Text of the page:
Dr. Bruce Powell, founder of New Jewish Community High School in West Hills, spoke at Or Ami last week about How to Explain to our Teens Why Bother Being Ethical in an Unethical World. It was Fabulous. He was Inspiring. Straightforward. Contemplating still Dr. Powell’s teachings, I came across a sermon by Rabbi Stephen Pierce of Temple Emanu-El in San Francisco. Poignant, insightful, meaningful. Do read it:
Coziness, Drowsiness, The Lulling Effect, False Profits and Truth Decay—Restoring Trust After the Bubble Decade Of Economic Triumphalism, Materialism, Arrogance, Exploitatioin, Malignant Narcissism, and Betrayal
A sermon delivered on Kol Nidre 5770 Rabbi Stephen S. Pearce, PhD
Our era is on trial! The financial mess created by uncontrolled greed created an ethical vacuum and destroyed faith in the advice of so- called “experts” and government regulators who reassured us that our assets would grow at an uninterrupted rate, home equity would continue its meteoric rise, and retirement funds would be protected from volitivity— even as the world economy descended into the abyss. harvard Law School economist kip Viscusi called this sad state of affairs “the lulling effect”— the government’s imprimatur that makes people feel safer than they really are. Where did we go wrong? Jean Twenge and W. Keith Campbell, authors of The Narcissism Epidemic: Living in the Age of Entitlement, provide a stinging indictment of what led to the current turmoil:
Understanding the narcissism epidemic is important because its long-term consequences are destructive to society. American culture’s focus on self-admiration has caused a flight from reality to the land of grandiose fantasy. We have phony rich people (with interest-only mortgages and piles of debt), phony beauty (with plastic surgery and cosmetic procedures), phony athletes (with performance-enhancing drugs), phony celebrities (via reality TV and YouTube), phony genius students (with grade inflation), a phony national economy (with $11 trillion of government debt), phony feelings of being special among children (with parenting and education focused on self-esteem), and phony friends (with the social networking explosion). All this fantasy might feel good, but, unfortunately, reality always wins. The mortgage meltdown and the resulting financial crisis are just one demonstration of how inflated desires eventually crash to earth. Read on, page 3.
Larry Gellman, a former member of my friend’s congregation, reflected thoughtfully in his blog, Thoughts from the Desert, on the Madoff affair. Gellman writes:
Time Magazine‘s article entitled, “How I Got Screwed By Bernie Madoff,” was written by investor Robert Chew. He explains that all of his money and that of his wife’s entire family (more than $30 million) was invested with Madoff.
But look at what he says:
“The call came at 6 p.m. on December 11. I had been waiting for it for five years…
I think everyone knew the call would come one day. We all hoped, but we knew deep down that it was too good to be true, right?”
Which brings us back to the original question: Why did so many smart people give Madoff all their money and sit back and do nothing when it became clear–or at least seemed likely–that he was reporting unrealistic results?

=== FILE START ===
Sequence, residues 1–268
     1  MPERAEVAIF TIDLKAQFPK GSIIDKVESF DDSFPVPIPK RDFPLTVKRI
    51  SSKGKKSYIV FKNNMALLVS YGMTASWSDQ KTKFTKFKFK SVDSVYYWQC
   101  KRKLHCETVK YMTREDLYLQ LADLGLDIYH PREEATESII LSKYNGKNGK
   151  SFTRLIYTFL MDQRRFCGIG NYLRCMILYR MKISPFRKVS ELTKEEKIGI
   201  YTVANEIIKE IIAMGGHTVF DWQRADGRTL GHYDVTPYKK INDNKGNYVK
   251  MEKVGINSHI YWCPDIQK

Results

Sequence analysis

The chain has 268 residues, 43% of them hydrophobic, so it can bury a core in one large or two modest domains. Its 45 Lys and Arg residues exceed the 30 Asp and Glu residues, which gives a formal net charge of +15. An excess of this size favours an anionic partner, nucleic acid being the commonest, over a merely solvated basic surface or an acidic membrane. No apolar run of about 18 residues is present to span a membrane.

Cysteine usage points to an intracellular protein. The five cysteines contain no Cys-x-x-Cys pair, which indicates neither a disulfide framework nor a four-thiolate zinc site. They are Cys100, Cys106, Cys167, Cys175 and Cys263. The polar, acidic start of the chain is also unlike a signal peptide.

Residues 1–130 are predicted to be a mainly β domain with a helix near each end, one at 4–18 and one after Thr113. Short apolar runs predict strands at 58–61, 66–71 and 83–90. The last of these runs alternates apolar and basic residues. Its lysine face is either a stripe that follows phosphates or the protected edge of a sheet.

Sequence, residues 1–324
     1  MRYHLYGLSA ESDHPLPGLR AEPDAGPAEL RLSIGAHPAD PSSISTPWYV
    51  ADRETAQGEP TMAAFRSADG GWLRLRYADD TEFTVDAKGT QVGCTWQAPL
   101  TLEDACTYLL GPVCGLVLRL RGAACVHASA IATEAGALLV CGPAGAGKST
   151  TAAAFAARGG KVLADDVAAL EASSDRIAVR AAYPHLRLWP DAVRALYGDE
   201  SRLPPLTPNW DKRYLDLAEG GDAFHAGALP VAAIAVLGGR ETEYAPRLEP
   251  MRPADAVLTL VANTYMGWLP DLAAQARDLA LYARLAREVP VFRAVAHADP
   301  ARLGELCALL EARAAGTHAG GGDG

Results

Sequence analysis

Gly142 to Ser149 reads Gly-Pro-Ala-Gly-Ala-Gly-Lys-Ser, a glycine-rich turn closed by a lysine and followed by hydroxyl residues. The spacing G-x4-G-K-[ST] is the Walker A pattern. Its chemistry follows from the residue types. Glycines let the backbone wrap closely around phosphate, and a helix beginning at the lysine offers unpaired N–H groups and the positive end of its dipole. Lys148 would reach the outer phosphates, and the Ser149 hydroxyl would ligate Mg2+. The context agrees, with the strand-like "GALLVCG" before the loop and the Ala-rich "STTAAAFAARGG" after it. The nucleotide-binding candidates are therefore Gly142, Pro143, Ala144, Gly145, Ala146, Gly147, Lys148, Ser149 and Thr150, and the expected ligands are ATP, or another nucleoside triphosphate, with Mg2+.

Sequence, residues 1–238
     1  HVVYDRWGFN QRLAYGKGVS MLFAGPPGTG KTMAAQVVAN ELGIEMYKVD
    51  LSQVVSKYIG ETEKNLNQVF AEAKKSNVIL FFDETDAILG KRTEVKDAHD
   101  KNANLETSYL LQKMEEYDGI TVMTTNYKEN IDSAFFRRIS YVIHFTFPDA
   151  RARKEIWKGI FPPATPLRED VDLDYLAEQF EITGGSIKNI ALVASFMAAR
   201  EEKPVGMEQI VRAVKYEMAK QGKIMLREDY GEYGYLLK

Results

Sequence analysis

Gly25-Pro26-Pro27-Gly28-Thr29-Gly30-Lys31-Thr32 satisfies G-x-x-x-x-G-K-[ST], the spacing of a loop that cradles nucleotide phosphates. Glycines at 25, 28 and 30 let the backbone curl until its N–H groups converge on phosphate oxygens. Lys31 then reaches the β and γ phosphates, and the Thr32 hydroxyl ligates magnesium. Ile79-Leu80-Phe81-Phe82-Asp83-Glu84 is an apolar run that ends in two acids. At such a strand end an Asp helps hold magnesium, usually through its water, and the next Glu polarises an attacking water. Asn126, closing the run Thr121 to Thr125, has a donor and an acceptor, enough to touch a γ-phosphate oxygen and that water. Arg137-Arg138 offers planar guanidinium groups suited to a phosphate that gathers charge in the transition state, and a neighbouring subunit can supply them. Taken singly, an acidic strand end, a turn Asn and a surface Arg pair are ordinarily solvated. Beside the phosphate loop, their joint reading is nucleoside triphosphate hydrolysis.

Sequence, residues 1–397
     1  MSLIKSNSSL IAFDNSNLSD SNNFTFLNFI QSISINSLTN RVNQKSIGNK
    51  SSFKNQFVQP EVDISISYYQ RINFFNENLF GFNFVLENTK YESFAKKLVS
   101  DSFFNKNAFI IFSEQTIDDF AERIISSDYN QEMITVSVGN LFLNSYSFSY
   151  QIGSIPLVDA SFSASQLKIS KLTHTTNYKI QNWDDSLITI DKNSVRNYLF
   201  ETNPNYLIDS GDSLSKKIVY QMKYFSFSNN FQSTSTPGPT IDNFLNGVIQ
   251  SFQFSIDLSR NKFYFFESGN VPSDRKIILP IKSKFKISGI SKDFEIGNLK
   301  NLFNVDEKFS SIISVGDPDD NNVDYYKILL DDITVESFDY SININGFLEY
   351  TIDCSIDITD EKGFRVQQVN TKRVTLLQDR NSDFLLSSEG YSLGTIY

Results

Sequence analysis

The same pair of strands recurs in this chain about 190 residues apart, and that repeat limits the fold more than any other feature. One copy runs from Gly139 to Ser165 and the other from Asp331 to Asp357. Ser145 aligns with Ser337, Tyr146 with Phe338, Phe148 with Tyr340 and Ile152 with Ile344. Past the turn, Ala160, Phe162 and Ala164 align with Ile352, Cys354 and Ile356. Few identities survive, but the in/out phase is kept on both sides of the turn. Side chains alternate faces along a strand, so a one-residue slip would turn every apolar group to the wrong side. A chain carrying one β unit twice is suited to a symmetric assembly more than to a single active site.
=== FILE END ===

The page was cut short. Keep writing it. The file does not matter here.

Part of it was human nature but I believe a bigger part was related to the rules of the game governing Members of the Tribe–the Chosen People at the Jewish clubs and charities where a select group of their friends and associates were also invested with Madoff. There are certain unwritten rules that go along with membership in that group. The first is that you never criticize Israel in public and the second was apparently that you don’t question Bernie Madoff. To question Madoff would have been an affront to the other members and particularly those respected tribal leaders who got them in the door in the first place. Never mind the facts and never mind the gnawing feeling described by Robert Chew that this wasn’t going to end well.
The Madoff catastrophe has left the Jewish community reeling financially and emotionally. It has also been jarring for many of us to realize that a fellow MOT could do this to his own.
But the major positive lesson that might be learned is that it’s time to move beyond tribal thinking for our own good. We can’t and shouldn’t abandon the idea of community and a shared responsibility for each other’s welfare. But we live in an open, pluralistic world where the true value of Judaism is now reflected by our wisdom, ethics, and values–not by our need to stick together and blindly trust only our own. Most American Jews realized this a long time ago. Hopefully more of our Jewish organizations and their leaders will finally get the message.
And the Bernie Madoff Fires Keep Burning
A friend’s colleague’s friend’s family is unfortunately amongst the many investors who were affected by Bernie Madoff’s scams. She is active in the NY Jewish community and has created a group for families affected and who need help. If you know of any one who has been affected, please refer them here.
For the Local Los Angeles situation: Check out Swindler’s List (Jewish Journal Blog)
Regarding National Jewish Victims? Check out The Fundermentalist (JTA blog)